"Adolescence" was invented in the mid-1800's by the warlike Prussian nation. They had just suffered a humiliating military defeat at the hands of Napoleon and felt their downfall was due, at least in part, to their soldiers not being obedient enough. Some had even run away at the prospect of dying for their nation.
Part of their plan to create a more loyal and malleable population was the invention of schools. As Tyson Yunkaporta writes in his book Sand Talk, the idea was to slow the "transition from childhood to adulthood, so that it would take years rather than, for example, the months it takes in Indigenous rites of passage." The goal was to "create a permanent state of childlike compliance in adults," so they designed schools around the same methods used to break horses and other domestic animals: separating the young from their parents, confining them in enclosed spaces, limiting access to their natural habitat, and using rewards and punishments to force compliance with meaningless tasks. This Prussian method of compliance-based schooling was a boon for both for the military as well as the economy, which is why it became the foundation for most of what passes for education in the industrialized world today.
Shockingly, but perhaps not surprisingly, the Prussian slogan for their educational system was Arbiet macht frei (Work sets you free), which was infamously employed a century later at the gates of Nazi concentration camps.
We tell children they can grow up to be anything they want to be. We say it even though we know it's a lie. Most of us do not get to be whatever we want to be. We say it, however, because others have said it to us. We say it because we don't want to crush their little spirits with the truth that work is in their future. We say it because it the is one of the mantras we use to inspire them to keep their noses to the grindstone. Oh sure, we allow them to play at being artists, dancers, princesses, and athletes, but only while they are very young. Soon enough, and in some cases even during their preschool years, we begin to pressure them, both subtly and not-so-subtly to at least prepare a "fall back plan," like accounting or computer science.
I imagine there are some readers here who are thinking, "But, Teacher Tom, you can be anything you want to be. You only have to work hard enough and never give up." How is that different than Arbiet macht frei?
A few days ago US Secretary of Education Migual Cardona sent a message from an official social media account: "Every student should have access to an education that aligns with industry demands and evolves to meet the demands of tomorrow's global workforce." People try to tell me that today's schools are nothing like the old Prussian model, but even our top education policymaker seems to disagree. We are here, it seems, to serve the economy, not the other way around. Arbiet macht frei?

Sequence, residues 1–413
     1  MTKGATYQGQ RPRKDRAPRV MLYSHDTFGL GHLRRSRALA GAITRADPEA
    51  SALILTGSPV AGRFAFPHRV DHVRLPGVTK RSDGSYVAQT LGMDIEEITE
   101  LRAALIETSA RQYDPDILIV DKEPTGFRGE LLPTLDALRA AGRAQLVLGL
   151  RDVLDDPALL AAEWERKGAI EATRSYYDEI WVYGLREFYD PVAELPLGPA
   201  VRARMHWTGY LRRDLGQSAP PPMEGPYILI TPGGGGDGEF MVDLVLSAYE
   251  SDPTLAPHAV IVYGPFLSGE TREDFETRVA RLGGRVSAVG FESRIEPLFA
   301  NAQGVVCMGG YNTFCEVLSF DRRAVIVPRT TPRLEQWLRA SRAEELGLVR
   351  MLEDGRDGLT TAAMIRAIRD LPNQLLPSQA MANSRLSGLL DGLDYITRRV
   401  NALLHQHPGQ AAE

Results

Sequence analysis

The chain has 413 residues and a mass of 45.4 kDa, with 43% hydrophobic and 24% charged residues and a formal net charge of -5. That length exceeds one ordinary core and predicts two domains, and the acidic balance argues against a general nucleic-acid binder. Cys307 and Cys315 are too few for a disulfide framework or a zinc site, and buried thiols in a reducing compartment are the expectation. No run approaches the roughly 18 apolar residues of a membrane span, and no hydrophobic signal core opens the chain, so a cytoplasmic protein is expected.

Yunkaporta points out that the word "work" does not even exist in many Indigenous languages. Indeed, the "work" his people did do prior to colonization was confined to a couple hours a day and was comprised of things many of us now do as a break from work like gardening, cooking, hunting, hiking, camping, and fishing. They spent the rest of their time building relationships, making art, dancing, playing games (almost always cooperative), telling stories, and making music. Indeed, they spent their time doing the very things that our youngest children do when left alone to be whatever they want to be -- not when they grow up, but right now. Play, not work, sets us free.
In many ways, "You can be anything you want" is just the contemporary version of Arbiet macht frei. In many ways, our complaints about children being distracted, not staying on task, and only wanting to play video games all day, are the very complaints the colonizers had about Indigenous people they encountered around the globe. And just as we did with those populations, we are doing to our children, generation after generation. No wonder societal change is nearly impossible. No wonder the rich keep getting richer. No wonder inequality of one kind just morphs into inequality of another. We are taught that a life of work will somehow set us free, when all it really does is sustain the economy.
You might ask: But what can we do about it? After all, this is the way it is. Certainly, we can't tell our children to just stop working. Believe me, I get that. I've spent the better part of the past two decades trying to get people to see that there is a better, more democratic, more equitable, and more human way to do school; that play, not work, is the secret to a population of critical thinkers instead of obedient drones. And I'm not the only one. Yet it doesn't seem we've moved the needle very much, except perhaps in some small corners where play is nurtured and protected like an endangered species.
And that's what we can do. The Prussian model seeks to create a population for whom work, no matter how mind-numbing or back-breaking, is the only hope. That's why they try to inspire us with the promise of a freedom that will never come. When we keep play alive in our own lives, in the lives of our children, even if it is just in the nooks and crannies, we are creating real hope for freedom. If you are reading this, you are probably one of those people keeping play alive. In this world, play is the one thing that can us genuine hope. It is the only path to freedom. And that is why play is the greatest threat to the status quo.
It's play, not work, that will set us free.
"Teacher Tom, our caped hero of all things righteous in the early childhood world, inspires us to be heroic in our own work with young children, and reminds us that it is the children who are the heroes of the story as they embark on adventures of discovery, wonder, democracy, and play." ~Rusty Keeler
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